Over the last couple of months I have had the pleasure of doing some work with two of our large primary schools. 

The schools are working toward their accreditation as part of an Eco Schools Programme and I have been doing work with them related to energy auditing in the classrooms and common areas of the schools. 

Each school ends up with a detailed table that shows the energy consumption and environmental impact of the lighting systems, ceiling fans etc. used in the school.

Once the numbers are calculated the children use them to get an understanding of the cost of classroom lights and fans on an hourly, daily, weekly and per term basis. 


Even more important, they also learn the importance of turning things off when not needed and the impact that decision has on the cost of running their individual classrooms. 

Simple math it may be, but it is teaching a very important lesson to the children, namely, lots of small individual savings, while seemingly insignificant on their own, quickly add up to much larger overall savings when cumulated together.

When I arrived at one school on a beautiful, sunny April afternoon to do the count of lighting fixtures and fans, it turned out to be sports day so the children were all outside on the field with many of their parents watching proudly as they competed in their various events. 

The school has over 60 different rooms, including classrooms, and by the time I finished the audit I was amazed that every single classroom I visited had all the lights turned off and only two classrooms had gone out and left their fans running.  

What I also found, in complete contrast, was that the lighting in almost all the common areas of the school: hallways, bathrooms, stairwells etc. was turned on.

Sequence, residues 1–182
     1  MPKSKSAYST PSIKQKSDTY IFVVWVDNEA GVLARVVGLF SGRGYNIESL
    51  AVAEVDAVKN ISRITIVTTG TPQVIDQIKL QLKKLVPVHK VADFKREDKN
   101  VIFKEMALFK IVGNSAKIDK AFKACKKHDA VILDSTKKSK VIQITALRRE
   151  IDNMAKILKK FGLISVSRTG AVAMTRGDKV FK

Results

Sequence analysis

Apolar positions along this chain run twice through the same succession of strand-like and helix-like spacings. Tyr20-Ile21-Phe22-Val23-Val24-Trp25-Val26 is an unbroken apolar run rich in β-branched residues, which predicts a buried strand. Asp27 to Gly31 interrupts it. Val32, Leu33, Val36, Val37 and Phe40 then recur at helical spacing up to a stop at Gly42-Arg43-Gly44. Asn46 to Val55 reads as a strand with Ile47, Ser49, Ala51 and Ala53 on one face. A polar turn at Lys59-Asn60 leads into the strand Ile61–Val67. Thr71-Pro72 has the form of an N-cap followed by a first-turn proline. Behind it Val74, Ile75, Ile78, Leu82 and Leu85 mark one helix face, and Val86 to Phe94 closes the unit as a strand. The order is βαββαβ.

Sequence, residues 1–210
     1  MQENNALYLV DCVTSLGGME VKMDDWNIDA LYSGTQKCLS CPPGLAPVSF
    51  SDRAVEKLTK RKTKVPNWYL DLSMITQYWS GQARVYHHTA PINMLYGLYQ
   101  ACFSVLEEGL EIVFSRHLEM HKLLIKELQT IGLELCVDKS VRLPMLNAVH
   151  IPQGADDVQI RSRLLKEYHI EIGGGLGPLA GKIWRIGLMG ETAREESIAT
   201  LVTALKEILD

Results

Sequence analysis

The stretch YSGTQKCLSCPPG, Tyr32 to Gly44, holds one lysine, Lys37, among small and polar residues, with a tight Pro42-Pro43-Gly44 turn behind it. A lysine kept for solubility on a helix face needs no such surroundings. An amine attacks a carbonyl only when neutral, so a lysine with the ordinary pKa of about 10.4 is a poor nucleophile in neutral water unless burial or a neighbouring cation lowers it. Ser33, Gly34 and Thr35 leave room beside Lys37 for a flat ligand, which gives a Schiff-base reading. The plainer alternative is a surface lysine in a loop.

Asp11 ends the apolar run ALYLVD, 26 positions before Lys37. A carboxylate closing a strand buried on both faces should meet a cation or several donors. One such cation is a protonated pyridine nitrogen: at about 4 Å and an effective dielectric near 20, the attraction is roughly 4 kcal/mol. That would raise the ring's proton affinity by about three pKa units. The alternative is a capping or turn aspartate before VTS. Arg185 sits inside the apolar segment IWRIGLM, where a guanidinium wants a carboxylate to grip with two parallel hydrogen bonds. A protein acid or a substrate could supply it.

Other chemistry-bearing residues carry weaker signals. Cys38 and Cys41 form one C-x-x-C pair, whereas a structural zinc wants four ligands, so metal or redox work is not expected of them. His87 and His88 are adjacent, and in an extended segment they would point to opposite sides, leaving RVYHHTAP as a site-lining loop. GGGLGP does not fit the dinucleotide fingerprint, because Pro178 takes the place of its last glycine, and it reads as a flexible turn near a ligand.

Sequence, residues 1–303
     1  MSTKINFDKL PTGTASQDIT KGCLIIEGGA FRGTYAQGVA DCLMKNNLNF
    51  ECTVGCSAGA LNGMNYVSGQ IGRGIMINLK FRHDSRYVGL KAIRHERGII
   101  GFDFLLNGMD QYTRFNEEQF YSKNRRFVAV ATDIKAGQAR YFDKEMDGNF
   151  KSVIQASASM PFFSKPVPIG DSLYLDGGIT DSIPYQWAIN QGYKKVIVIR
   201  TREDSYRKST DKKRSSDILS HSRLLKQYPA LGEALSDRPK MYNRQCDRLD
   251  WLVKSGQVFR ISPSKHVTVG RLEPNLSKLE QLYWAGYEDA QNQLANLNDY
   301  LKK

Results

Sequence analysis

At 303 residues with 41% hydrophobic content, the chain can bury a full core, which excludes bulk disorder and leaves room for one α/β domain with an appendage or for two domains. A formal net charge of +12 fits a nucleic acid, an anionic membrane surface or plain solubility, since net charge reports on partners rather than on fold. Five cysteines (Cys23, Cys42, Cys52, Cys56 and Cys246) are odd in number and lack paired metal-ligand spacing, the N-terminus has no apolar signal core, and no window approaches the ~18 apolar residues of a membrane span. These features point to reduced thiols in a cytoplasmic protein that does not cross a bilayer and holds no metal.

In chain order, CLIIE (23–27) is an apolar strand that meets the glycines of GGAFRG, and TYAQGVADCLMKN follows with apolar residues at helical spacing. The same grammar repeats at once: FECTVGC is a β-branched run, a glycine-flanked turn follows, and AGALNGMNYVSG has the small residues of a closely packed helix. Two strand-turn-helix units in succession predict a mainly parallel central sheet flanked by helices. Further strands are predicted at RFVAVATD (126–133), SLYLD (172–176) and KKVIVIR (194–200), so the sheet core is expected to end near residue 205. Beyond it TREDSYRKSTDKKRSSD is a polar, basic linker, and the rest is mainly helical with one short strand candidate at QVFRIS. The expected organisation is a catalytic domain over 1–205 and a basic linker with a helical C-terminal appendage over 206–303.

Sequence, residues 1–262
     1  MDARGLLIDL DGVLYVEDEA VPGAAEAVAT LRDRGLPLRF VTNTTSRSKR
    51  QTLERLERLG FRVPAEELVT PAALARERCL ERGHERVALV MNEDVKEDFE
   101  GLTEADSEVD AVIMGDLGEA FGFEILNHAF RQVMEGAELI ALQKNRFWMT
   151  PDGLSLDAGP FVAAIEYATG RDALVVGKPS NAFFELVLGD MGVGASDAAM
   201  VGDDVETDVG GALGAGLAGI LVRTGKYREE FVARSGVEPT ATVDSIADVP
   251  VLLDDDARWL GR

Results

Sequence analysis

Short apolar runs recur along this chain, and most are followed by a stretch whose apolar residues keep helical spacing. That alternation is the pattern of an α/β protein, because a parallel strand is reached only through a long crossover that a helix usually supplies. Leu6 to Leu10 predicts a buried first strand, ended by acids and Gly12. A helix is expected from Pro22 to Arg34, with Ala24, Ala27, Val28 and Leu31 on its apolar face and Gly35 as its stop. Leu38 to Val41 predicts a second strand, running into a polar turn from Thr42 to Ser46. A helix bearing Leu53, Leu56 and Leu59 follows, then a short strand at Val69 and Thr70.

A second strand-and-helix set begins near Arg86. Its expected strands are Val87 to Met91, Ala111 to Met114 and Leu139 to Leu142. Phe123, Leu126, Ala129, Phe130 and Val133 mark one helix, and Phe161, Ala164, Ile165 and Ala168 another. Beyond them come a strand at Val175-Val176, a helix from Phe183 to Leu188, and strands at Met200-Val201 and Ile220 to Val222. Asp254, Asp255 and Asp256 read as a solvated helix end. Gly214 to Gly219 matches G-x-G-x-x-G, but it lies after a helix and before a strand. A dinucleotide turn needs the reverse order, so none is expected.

After talking to one of the staff I found out that in anticipation of the audit the school had begun practising their energy-saving skills about two weeks prior to my arrival and the children were obviously embracing their new-found responsibilities for saving energy with as much enthusiasm as the efforts they were making that afternoon on the playing field.


The contrast between the classrooms and the common areas of the school is in no way meant as a criticism, on the contrary, it illustrates a very important lesson about one of the primary requirements of any successful project – ‘ownership’. 

If you want something to be done or a project to succeed it is essential to build in three basic requirements:

1. A clearly defined set of objectives that everyone understands and more importantly everyone agrees to.

2. A time frame for the completion of each of the objectives. 

3. Clearly defined ‘ownership’ for each task that will achieve the stated objectives.

If the teachers had also assigned the common areas to the children, as they had done with the classrooms, I am certain those lights would also have been turned off that afternoon.

Taking this primary school lesson to a national level, it made me think of the 2011 Bermuda Energy White Paper. In this document the Bermuda government laid out:

n ‘A clearly defined set of objectives’ related to the growth of Renewable Energies and the associated reductions in our dependence on fossil fuels and carbon emissions. (Step 1) 

n Each objective was then given a ‘defined time frame for completion’. (Step 2)

That’s the good news — now the bad news. Three years later and it is clear to anyone with a basic understanding of critical path analysis that we are not going to achieve the objectives we set. 

Even worse, we have made so little progress on some that we are in danger of going backwards.  

 Our reason for failure is simple and clearly illustrated by our primary school students — if you want to make progress in achieving objectives in a defined time frame you must complete ‘Step 3’ — assign ‘ownership for the task’, and know who will take responsibility for its completion.

In the case of the 2011 Bermuda Energy White Paper and the carefully defined long term objectives contained therein. 

They have been lost in a ‘cross ministerial wasteland’ that definitely belonged to ‘Everybody’ and was constantly the direct responsibility of ‘Somebody’ and as a result, progress has always been available for review by ‘Anybody’ who has over the years constantly updated ‘Nobody’!  n

Nick Duffy is the divisional manager at Bermuda Alternate Energy.  Comments and suggestions may be sent to info@bae.bm